By Judith Hitchman, URGENCI
The Oxford Real Farming Conference was founded in 2010 by Colin Tudge and Ruth West to highlight the alternatives to conventional farming and to offer farmers a different kind of farming perspective and conference. Although essentially a British event, there has always been something of an international presence. This year, due to Covi-19, it was decided to not only hold the conference on-line, but to seize the opportunity to make it a truly global event. Urgenci was one of the international partners, and contributed to the 5 events listed below. One of the salient features was the emphasis on solidarity economy.
Community Supported Agriculture for Food Justice
8 January 2021
CSA groups have sometimes been labelled as middle class. And although sociological studies show that it is true that many CSA members have a background of higher education degrees, the essence of CSA is to support local organic / agroecological farmers, be inclusive and build social cohesion, rather than emulate food banks. CSA farms using agroecological practices are conscious of their key role in providing healthy, nutritious food for all while preserving soil health and agrobiodiversity. There are a wide range of solidarity mechanisms that are implemented by CSA farms and groups around the world. The Covid-19 crisis contributed to casting a light on some of them: solidarity funds to offer shares to marginalized people, sliding schemes allowing members to pay a price that is proportional to the income, bidding rounds based on voluntary financial contributions, working shares… How efficient are all these techniques in making CSA more inclusive? How can farmers and consumers participate in the social inclusion efforts? In extremely different contexts, CSAs have developed ad hoc strategies to bridge the gap between different segments of our societies. This workshop has told stories from the ground from 3 different continents.
Community Supported Fisheries : small-scale fisheries and peasant agriculture, same struggles, similar solutions
9 January 2021
Our oceans are suffering from the ravages of industrial fisheries and gigantic factory ships hovering up fish stocks in record times. A single haul can be as much as 200 tonnes of fish. Not only is this devastating for fish stocks, it also deeply affects small scale coastal fisheries who are in danger of going out of business: no or little fish, low prices and no access to markets. And just as Community Supported Agriculture has been working for over 50 years in building territorial markets between small-scale farmers and consumers, Community Supported Fisheries have been addressing similar issues, mainly in the USA, but now increasingly in Europe.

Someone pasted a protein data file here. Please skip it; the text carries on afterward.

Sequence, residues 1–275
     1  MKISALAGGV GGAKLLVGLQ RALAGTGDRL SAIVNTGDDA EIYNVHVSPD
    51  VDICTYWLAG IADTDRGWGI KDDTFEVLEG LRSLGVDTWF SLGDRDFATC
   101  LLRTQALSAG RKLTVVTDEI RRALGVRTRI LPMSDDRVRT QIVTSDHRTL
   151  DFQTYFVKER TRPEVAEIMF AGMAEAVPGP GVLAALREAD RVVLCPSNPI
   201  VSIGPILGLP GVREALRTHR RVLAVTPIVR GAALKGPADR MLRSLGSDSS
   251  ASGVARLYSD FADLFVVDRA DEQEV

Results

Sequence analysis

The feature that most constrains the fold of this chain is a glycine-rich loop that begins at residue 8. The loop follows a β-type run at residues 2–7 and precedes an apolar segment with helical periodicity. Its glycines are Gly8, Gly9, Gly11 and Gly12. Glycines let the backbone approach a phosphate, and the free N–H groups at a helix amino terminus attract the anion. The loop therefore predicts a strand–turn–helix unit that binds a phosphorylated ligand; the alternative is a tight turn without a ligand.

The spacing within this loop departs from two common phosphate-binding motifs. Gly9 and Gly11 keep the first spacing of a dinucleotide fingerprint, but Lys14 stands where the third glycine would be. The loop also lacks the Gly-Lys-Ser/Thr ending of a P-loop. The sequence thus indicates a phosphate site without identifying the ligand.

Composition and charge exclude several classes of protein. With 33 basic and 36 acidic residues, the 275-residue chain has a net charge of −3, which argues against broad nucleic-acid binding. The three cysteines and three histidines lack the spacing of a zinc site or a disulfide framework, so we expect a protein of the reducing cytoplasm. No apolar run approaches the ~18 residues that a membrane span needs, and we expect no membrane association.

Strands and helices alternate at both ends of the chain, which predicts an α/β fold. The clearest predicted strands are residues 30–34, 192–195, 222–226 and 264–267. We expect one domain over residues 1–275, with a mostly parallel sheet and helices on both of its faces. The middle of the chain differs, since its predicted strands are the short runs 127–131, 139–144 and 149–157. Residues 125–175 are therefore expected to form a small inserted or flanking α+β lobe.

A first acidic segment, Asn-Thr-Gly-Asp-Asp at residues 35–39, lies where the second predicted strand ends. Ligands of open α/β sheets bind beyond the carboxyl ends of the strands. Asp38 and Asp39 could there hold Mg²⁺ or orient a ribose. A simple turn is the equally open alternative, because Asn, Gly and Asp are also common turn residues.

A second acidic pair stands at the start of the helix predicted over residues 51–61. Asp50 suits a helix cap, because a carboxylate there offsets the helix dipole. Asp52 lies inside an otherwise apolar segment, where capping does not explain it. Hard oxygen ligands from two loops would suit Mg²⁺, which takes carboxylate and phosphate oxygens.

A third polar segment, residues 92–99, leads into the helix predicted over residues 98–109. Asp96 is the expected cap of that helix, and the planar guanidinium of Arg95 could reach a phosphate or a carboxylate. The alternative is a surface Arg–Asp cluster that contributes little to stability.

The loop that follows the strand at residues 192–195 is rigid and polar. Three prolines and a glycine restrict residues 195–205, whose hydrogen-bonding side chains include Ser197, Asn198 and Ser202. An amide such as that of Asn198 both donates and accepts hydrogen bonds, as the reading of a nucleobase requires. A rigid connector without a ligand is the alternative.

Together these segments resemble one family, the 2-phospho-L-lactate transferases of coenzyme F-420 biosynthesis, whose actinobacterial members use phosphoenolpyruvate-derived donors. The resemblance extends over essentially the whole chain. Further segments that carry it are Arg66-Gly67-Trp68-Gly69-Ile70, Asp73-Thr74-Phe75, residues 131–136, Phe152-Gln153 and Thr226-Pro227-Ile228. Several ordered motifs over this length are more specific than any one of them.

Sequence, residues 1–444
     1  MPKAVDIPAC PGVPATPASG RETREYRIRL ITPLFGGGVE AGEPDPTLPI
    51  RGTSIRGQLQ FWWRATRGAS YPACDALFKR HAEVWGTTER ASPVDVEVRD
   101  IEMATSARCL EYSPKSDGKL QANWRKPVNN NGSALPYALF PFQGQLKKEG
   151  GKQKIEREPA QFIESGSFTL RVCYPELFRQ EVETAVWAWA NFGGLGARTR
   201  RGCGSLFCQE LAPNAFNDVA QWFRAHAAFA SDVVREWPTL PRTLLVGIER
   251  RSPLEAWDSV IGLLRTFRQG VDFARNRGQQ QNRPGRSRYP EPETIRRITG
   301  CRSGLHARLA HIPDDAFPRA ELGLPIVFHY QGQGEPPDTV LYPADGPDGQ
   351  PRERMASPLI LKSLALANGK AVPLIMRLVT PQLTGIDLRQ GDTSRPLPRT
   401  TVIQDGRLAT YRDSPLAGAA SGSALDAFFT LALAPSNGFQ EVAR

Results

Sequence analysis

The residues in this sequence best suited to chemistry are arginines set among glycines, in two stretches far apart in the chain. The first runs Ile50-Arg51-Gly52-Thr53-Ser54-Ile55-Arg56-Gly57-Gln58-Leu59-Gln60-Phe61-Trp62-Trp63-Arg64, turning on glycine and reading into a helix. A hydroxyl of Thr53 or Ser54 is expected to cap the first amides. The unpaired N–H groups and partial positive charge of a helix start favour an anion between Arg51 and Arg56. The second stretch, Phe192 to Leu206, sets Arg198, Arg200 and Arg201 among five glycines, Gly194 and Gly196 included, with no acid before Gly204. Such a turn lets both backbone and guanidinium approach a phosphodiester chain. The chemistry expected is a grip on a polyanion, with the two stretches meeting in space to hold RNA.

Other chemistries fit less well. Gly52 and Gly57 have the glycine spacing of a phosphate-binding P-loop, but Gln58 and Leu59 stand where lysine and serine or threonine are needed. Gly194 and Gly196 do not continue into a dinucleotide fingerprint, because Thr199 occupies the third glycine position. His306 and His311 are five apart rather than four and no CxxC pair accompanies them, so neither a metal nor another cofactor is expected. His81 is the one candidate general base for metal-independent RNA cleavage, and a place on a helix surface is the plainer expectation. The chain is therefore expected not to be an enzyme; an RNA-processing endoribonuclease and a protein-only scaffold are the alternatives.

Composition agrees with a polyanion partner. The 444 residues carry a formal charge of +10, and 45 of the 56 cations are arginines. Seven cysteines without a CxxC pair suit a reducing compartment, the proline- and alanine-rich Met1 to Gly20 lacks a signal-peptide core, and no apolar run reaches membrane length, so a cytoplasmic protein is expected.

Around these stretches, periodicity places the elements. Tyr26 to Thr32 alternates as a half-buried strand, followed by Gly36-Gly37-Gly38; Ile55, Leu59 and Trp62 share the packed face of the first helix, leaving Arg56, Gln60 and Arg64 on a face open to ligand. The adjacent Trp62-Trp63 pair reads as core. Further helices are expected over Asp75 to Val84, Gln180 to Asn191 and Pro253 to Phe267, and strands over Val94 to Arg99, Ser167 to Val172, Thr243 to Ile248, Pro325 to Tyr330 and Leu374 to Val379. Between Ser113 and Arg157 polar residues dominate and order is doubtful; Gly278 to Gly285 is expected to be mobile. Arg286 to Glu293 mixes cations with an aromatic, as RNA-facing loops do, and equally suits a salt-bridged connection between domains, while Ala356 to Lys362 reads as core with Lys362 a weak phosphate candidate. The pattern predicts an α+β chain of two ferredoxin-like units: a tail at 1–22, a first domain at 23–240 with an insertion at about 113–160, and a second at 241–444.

CSA and Covid-19: A resilient model?
10 January 2021
Community Supported Agriculture (CSA) has had a critical role to play in feeding local communities during the Covid-19 crisis. The pandemic has highlighted the weaknesses and gaps in our global food production and distribution systems. In contrast, smaller more local farms and direct sales models are being celebrated as more resilient and veg box customer numbers have soared during the crisis. Join this session to hear from CSA farmers and the global CSA movement Urgenci, about the different responses and approaches taken by CSAs throughout the pandemic. What has actually been happening on the ground? Has there been a boom in the CSA movement? There is growing recognition that family-scale farms using agroecological practices are an essential part of a system capable of providing healthy, nutritious food for all. It seems customers are hearing this message.
Keynote: China, COVID-19 and the growth of the CSA Network: How the Pandemic Has Changed Short Supply Chain Agriculture in China
11 January 2021
This year more than any has shown how resilient agroecological farms are. Many farms in China’s CSA network have performed very well during the pandemic, both economically as well as being responsive to the needs of the consumer who realised the essential necessity to eat good, healthy food to boost their immunity in the face of the “pandemic enemy”. The effect of this is that producer-consumer relationships have grown and changed in that the bond is now much closer.
Being able to eat organic, healthy food that has gone from “farm to table” in 24 hours has engendered a deep mutual gratitude in CSA members. The pandemic generated a fighting spirit on the side of both producers and consumers. This brought out the essence of community supported agriculture which is that the relationship between farmers and consumers is stable, mutually supportive, and collaborative.
The Financialisation of Land Sales
12 January 2021
We are witnessing the increasing financialisation of land and territories as land and natural resources are sold off to financial actors such as banks, pension funds, and insurance companies. These actors often make use of complex investment webs involving any number of intermediaries, brokers, tax avoidance loopholes and off-shore schemes. All of these are attempts to distance themselves from public scrutiny, regulation, taxation and accountability. This is hugely disempowering for communities as it means that decisions are taken about land that are distant, undemocratic and hidden. And agricultural land is by no means protected. And whether the new owners have purely financial motivations or have some interest in what the land offers (biomass, commodity sales), the outcome is the same: investors acquiring shares prioritise profitability, relegating agricultural production together with its social functions and its environmental objectives to a secondary place.
These 5 1-hour sessions were recorded and can still be viewed on-line at the links these links.